A damming report by the UN Special Rapporteur for contemporary forms of slavery brings fresh hope to the Uyghur community.
By Ruth Ingram
August 29, 2022
Special Rapporteur Tomoya Obokata. From Twitter.
The independent UN expert, Tomoya Obokata, Special Rapporteur for contemporary forms of slavery, released the damning verdict that forced labour in Xinjiang, amounted to “enslavement, as a crime against humanity.”
While investigating human rights abuses around the world involving ethnic, religious and linguistic minority communities, Obokata was persuaded by a wealth of independent evidence that it was “reasonable to conclude that forced labor among Uyghur, Kazakh and other ethnic minorities in sectors such as agriculture and manufacturing has been occurring in the Xinjiang Uyghur Autonomous Region of China.”
Wang Wenbin, Foreign Ministry spokesman, at his regular press conference on August 17, retaliated, accusing the UN rapporteur of abusing his authority, blatantly “violating the code of conduct of the special procedure,” to “malignly smear and denigrate China and serve as a political tool for anti-China forces.”
Wang Wenbin. From Facebook.
He repeated the CCP position, which denies all forms of forced labour. He accused those who suggest otherwise of buying into malign forces that wish to “contain China’s development and revitalization.” International criticism was due to misunderstandings over Beijing’s poverty alleviation measures, he claimed.
Drawing on reports from Adrian Zenz, Laura Murphy and Nyrola Elimä, and Vicky Xiuzhong Xu, and testimonies given at the Uyghur Tribunal 2021, Obokata urged further independent analysis of the “excessive surveillance, abusive living and working conditions, restriction of movement through internment, threats, physical and/or sexual violence and other inhuman or degrading treatment,” prevalent in the work units.
Following Adrian Zenz’s framing of the issues, he identified Beijing’s two-pronged approach whereby Uyghurs are corralled into forced labour, either transferred from so-called “vocational training camps” into work placements or as part of the euphemistically named “surplus rural laborers” who are “transferred into secondary or tertiary sector work,” under the guise of poverty alleviation.
Obokata’s report came four short days after China ratified two ILO conventions (29 and 105) against forced labor, one of which (105) specifically forbids its use for political aims and economic development. This is “especially delicate” for Beijing, noted Adrian Zenz, whose seminal research has highlighted the programs to sweep up hundreds of thousands of so-called “surplus labour” in rural areas and transport them often against their will to other parts of Xinjiang or further afield to inner China.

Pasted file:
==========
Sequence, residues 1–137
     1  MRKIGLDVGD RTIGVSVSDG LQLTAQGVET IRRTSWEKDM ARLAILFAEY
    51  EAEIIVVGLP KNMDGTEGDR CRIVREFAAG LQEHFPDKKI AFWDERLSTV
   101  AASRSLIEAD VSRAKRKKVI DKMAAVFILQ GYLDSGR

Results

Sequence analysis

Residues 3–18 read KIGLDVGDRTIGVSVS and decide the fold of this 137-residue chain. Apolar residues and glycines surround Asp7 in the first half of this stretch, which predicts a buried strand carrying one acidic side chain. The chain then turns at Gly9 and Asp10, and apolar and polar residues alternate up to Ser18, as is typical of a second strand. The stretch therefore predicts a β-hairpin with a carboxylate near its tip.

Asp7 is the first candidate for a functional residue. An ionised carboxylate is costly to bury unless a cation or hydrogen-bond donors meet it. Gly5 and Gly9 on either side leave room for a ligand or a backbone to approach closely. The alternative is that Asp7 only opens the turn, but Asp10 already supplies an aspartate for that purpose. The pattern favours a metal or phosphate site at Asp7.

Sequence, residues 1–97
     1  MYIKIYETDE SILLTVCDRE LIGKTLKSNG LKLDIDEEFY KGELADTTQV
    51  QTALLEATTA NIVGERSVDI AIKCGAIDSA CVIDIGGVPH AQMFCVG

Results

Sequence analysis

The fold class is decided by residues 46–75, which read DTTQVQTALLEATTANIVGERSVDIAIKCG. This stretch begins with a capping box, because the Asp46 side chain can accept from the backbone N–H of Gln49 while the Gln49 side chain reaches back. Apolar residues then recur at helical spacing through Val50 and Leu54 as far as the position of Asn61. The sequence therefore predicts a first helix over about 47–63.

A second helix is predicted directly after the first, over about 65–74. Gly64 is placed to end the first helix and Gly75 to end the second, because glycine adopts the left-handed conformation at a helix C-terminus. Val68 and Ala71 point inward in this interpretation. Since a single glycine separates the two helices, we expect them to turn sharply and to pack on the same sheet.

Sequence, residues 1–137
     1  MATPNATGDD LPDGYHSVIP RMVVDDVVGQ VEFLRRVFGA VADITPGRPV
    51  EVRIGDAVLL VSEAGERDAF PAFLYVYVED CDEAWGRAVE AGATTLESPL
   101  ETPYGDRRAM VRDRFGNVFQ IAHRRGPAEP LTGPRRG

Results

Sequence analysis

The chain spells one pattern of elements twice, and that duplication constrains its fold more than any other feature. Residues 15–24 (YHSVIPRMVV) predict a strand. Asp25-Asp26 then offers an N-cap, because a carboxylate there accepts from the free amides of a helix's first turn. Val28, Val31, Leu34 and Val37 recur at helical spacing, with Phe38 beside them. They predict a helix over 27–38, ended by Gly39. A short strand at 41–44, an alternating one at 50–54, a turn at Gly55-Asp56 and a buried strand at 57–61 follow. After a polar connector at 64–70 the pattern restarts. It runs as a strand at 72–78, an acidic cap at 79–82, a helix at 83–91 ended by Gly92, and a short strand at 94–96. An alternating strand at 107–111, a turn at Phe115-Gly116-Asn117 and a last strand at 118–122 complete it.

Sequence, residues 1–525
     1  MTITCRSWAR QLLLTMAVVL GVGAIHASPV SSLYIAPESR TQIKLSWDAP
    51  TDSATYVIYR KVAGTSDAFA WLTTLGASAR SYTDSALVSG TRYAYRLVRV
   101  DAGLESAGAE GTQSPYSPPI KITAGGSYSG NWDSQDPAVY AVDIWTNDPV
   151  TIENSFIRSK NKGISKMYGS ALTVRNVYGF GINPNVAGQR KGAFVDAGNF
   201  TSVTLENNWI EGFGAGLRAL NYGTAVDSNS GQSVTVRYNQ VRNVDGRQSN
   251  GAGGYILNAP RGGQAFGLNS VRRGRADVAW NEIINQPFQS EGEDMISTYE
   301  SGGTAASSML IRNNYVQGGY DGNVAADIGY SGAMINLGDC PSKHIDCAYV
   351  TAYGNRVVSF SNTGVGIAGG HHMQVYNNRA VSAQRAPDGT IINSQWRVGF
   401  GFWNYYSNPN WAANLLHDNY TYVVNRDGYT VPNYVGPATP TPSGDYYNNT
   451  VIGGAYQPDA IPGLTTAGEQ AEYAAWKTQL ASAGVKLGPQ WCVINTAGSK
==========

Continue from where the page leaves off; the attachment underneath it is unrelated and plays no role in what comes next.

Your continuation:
Uyghur activist groups have been unanimous in their praise for the courage of Obokata in singling out the Uyghur cause at the UN, which to date has been reluctant to rouse the wrath of Beijing over its human rights record. Rebiya Kadeer, former president of the World Uyghur Congress acknowledged the risks to Obokata’s career and his bravery in standing up to the might of Beijing, citing others who have fallen foul of sanctions and punishments meted out to those who demur. “This is not only the fruit of his academic work and professional effort but also the result of his unwavering virtue in the face of difficulties and threats,” she said.
Rebiya Kadeer. From Facebook.
“The case against the Chinese government at the UN level continues to build,” said Omer Kanat, the director of the Uyghur Human Rights Project. “It should now be impossible for UN agencies and member states to ignore atrocities of this magnitude,” he said adding his hopes that Obokata’s report will increase pressure on UN special envoy Michelle Bachelet (or her successor) to release her office’s own report on the Uyghur homeland.
“We reiterate our joint call for Ms. Bachelet to uphold a principled and coherent response to China’s human rights crisis,” he said, referring to a joint statement, signed by the Uyghur Human Rights Project along with 63 human rights organizations and Uyghur groups, expressing dissatisfaction over the approach of the UN High Commissioner for Human Rights, Michelle Bachelet, towards Uyghurs.
Executive Director of the Campaign for Uyghurs, Rushan Abbas was relieved to hear confirmation of what she and her compatriots had been “telling the world for years.” Citing her suspicions that China’s wealth has been created significantly off the back of “Uyghur slavery” and the “Uyghur genocide,” she said that, “It’s a relief to see the United Nations finally recognizes the extent to which these atrocities are taking place. Now tangible actions are needed to hold the CCP accountable for these crimes based on these recent findings.”